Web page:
“In the UK, Amazon is selling ambient groceries but in Seattle they offer the full fresh and frozen offer,” Wilson told the City Food Lecture audience in London last month. “I’m excited that Amazon will bring a fresh approach to the grocery trade here in the UK.”
Doug Gurr, Amazon UK vice president, confirmed that the retailer’s full range of food formats was now being rolled out across north America, after a successful eight-year trial in Seattle ahead of a possible global launch.
Start rolling it out
“We have an operation that was initially in Seattle which involves chilled, frozen, fresh and ambient that absolutely involves a full chain that delivers direct to customers,” said Gurr. “We have just started rolling that out across America and it is now available on the West Coast. This is not a forward statement of plans because we do not make those. But if you look at the history of what Amazon tends to do, our model tends to be to take something and to try really hard to make it work and then, when we think we have got it right, start rolling it out.”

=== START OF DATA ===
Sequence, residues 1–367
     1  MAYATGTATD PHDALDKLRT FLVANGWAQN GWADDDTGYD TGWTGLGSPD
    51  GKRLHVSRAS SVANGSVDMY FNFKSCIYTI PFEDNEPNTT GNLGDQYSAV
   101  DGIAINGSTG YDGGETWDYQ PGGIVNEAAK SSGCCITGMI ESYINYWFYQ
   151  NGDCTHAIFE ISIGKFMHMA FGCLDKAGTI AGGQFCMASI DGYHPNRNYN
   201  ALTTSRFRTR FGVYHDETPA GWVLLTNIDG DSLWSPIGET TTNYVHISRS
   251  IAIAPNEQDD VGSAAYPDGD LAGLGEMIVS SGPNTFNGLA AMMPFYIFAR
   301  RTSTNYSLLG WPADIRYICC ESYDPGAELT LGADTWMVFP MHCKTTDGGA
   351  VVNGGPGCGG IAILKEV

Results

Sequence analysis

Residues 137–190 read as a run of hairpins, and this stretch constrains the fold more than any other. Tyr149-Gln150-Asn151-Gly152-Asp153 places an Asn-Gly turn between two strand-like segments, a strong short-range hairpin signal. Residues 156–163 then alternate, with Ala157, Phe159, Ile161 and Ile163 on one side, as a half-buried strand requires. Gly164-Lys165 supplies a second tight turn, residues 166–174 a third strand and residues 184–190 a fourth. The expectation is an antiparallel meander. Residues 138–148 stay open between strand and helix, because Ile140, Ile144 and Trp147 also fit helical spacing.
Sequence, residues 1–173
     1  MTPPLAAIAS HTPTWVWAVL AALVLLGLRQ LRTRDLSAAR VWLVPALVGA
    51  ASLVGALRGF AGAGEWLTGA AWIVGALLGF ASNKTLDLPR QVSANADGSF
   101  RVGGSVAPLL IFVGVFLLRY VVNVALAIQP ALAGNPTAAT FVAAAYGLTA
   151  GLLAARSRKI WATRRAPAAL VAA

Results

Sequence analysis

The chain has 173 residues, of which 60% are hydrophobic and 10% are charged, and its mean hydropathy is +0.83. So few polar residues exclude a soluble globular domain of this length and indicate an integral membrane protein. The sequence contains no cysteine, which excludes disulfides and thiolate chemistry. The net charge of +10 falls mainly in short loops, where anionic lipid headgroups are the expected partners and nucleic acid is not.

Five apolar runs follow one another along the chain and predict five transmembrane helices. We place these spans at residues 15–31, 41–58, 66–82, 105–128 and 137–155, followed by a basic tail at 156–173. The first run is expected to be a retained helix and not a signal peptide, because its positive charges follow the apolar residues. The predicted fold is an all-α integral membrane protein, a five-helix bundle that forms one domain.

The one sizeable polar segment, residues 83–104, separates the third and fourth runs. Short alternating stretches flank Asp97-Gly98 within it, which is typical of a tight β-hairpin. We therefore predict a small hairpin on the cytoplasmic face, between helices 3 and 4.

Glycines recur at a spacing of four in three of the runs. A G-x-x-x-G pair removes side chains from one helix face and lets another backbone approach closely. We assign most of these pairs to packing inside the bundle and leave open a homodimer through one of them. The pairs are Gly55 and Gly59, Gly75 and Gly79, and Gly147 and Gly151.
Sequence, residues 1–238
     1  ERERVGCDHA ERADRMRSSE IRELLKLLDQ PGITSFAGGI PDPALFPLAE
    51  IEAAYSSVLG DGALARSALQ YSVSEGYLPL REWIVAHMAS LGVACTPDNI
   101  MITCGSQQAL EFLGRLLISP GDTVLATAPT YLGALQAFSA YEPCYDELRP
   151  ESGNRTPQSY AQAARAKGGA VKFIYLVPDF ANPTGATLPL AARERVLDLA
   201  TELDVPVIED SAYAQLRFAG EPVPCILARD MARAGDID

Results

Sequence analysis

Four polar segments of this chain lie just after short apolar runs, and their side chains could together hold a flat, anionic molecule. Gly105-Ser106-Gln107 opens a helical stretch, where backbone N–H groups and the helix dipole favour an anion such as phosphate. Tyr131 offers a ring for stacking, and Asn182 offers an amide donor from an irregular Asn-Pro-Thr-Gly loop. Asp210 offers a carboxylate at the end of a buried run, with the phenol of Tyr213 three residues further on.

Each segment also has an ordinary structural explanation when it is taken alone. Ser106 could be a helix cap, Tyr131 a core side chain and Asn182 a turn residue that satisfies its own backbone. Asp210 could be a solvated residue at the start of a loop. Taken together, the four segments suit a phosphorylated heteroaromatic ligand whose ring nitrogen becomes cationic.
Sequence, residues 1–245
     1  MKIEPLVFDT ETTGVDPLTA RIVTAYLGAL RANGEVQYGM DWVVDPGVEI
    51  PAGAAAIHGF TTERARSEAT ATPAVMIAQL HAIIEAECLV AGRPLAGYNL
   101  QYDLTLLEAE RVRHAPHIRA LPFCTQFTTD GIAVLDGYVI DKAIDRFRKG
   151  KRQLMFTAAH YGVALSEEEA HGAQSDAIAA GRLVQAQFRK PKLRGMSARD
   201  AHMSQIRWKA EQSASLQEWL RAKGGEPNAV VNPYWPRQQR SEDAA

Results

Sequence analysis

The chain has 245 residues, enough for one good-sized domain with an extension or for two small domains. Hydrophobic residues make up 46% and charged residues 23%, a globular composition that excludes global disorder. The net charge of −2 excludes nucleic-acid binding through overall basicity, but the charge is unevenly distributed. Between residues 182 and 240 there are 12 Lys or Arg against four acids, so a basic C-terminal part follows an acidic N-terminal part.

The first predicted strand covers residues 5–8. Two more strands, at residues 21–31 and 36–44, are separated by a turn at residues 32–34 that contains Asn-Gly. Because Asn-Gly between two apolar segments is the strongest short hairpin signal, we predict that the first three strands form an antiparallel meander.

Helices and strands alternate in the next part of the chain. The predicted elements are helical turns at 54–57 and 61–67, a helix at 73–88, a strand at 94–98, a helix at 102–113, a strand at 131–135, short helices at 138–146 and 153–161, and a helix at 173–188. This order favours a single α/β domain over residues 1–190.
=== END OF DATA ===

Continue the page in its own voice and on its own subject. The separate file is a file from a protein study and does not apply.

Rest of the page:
Gurr – who formerly led Asda’s food home shopping business – acknowledged the difficulties of managing fresh food supply chains. But added: “We now believe we have got it right – for customers and growers – and that we can maintain quality. We are trying to roll it out across north America and then, history would suggest, it is followed by international expansion.”
While a supermarket would typically carry 30,000 lines, online players like Amazon will carry millions and increasingly command greater financial fire power, said Wilson. “In 1980, Sainsbury was one of the largest market capitalised companies on the planet. Today Sainsbury and Tesco are now dwarfed by Amazon and the expected IPO (initial public offering) price of Alibaba, the Chinese online power. These online players have huge financial strength to take growth away from the traditional supermarkets and connect with consumers,” he said.
Questioned Amazon’s ability
But Dominic Watkins, head of food group and partner at law firm DWF, questioned Amazon’s ability to deliver fresh food on an international scale. “While it has a phenomenal distribution network for the ambient goods it already sells, it is not clear whether Amazon has the network for fresh food, which needs to be kept refrigerated and therefore cannot be delivered to residential addresses by the same wide range of third-party logistics companies that can deliver regular goods,” said Watkins.
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